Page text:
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Bahrain Oil And Gas Report Q2 2012
Business Monitor International, May 2012, Pages: 54
BMI View: Bahrain has a far smaller oil and gas resource base than its neighbours, but is a leading regional refined products exporter. In the coming decade, the country may begin importing LNG, but will also boost both oil and gas production. The country will continue to enjoy revenues from the Abu Saafa field, which is shared with Saudi Arabia, but will also continue importing Saudi crude oil to feed the Sitra refinery, which may be expanded. Despite the political unrest in 2011, Bahrain has not fallen in our riskreward ratings as the country remains open to foreign investment.
We highlight these trends and developments in Bahrain’s oil and gas sector:
- BMI sees Bahraini oil production rising to as much as 95,000 barrels per day (b/d) by 2021, in line with efforts to boost output at the mature Bahrain field. We expect oil consumption to grow to at least 60,000b/d. Increased oil flows from Saudi Arabia are also expected, potentially rising to 175,000b/d later in the current decade.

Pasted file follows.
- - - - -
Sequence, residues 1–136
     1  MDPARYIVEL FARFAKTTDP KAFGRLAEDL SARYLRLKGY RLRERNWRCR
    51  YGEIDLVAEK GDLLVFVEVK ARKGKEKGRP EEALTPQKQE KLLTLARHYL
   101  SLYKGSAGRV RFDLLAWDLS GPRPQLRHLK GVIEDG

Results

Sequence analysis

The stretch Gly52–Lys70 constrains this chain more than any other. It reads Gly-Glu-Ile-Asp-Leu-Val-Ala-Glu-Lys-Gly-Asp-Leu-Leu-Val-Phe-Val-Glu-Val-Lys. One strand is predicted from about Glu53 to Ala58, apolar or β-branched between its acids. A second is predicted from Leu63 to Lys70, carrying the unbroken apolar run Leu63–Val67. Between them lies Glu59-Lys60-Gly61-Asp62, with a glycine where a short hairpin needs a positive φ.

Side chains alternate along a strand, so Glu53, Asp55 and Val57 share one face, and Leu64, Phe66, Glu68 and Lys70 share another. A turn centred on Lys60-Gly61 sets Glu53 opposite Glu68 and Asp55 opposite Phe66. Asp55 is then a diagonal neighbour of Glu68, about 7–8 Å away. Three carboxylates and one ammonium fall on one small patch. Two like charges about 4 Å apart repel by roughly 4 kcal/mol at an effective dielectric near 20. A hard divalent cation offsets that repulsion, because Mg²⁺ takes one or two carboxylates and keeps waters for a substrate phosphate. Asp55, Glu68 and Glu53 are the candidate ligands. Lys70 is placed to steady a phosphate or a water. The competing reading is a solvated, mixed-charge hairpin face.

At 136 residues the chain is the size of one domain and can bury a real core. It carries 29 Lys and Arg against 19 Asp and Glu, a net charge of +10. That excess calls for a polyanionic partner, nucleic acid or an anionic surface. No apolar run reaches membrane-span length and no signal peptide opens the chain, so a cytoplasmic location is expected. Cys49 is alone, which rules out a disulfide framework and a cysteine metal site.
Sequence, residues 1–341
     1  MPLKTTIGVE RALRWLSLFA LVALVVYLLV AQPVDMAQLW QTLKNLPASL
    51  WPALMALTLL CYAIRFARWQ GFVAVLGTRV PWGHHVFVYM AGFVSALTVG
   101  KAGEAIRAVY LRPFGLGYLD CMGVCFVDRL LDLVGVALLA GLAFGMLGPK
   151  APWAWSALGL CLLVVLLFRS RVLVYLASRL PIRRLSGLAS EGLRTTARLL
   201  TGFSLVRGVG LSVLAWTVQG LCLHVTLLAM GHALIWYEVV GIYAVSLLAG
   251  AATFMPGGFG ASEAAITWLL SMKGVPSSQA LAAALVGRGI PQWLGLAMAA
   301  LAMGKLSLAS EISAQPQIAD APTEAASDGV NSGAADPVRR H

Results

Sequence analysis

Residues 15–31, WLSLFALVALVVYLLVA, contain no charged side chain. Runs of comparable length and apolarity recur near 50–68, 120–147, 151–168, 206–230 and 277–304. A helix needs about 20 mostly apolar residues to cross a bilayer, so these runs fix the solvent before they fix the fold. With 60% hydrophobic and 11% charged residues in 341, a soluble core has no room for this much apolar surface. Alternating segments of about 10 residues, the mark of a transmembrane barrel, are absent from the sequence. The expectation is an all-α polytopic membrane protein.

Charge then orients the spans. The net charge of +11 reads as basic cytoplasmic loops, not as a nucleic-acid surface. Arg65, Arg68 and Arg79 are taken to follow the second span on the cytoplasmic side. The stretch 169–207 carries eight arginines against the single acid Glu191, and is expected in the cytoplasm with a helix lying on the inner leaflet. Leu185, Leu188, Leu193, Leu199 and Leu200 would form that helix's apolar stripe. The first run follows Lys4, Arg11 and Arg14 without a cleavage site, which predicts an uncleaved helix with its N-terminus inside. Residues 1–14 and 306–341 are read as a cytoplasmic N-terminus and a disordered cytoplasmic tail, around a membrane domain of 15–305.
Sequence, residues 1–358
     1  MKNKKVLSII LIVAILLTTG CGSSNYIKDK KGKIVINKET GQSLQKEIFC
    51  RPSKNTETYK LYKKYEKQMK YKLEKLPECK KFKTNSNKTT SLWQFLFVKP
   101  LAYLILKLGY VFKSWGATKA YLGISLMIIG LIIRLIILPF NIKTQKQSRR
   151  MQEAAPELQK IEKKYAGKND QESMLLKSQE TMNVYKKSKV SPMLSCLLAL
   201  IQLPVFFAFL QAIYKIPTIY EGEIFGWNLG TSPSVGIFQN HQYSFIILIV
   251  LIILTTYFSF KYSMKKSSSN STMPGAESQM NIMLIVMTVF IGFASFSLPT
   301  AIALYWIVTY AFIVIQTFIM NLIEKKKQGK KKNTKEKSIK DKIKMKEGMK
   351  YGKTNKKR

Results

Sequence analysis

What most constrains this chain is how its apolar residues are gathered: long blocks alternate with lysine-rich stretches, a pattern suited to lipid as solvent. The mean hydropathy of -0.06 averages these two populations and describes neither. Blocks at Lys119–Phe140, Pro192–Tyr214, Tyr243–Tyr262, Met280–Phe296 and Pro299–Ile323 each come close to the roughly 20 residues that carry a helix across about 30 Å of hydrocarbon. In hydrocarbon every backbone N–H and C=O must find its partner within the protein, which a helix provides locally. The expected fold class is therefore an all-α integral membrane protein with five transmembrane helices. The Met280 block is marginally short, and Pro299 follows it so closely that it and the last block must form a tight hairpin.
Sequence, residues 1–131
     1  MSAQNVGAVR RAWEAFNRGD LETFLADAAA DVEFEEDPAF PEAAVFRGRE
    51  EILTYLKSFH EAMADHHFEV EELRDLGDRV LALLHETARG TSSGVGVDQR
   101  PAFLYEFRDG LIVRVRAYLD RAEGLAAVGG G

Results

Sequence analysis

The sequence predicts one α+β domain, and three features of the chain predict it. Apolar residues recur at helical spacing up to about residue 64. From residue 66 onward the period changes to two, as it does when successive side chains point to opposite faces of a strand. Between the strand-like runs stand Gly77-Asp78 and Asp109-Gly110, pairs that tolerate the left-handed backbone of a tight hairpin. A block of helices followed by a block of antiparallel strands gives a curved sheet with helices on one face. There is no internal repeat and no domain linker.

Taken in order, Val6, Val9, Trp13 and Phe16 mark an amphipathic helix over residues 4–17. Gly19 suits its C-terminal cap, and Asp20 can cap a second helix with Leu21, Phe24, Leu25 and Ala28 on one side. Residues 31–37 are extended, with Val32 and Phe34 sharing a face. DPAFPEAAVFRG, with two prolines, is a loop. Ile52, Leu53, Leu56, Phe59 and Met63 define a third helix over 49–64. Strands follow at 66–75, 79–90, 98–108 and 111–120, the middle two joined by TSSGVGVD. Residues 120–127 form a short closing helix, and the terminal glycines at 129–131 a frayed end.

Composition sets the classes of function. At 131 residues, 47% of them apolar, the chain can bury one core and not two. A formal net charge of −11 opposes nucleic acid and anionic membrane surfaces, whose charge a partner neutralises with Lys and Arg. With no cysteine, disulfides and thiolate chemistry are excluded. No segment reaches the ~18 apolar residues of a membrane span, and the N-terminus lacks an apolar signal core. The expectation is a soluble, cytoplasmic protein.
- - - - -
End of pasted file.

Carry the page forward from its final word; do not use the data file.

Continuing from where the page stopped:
- We expect both oil and gas reserves to decline in the period 2012-21, pending new discoveries. Oil reserves are expected to fall to 112mn barrels (bbl) by 2021, with gas reserves falling to around 80bn cubic metres (bcm).
- Gas production and consumption are likely to grow in tandem to just around 19.5bcm by 2021. .. Risks to our forecasts include final approval for the expansion of the Sitra refinery, enlargement of the Saudi import pipeline, as well as for a proposed LNG import terminal to feed growing gas demand.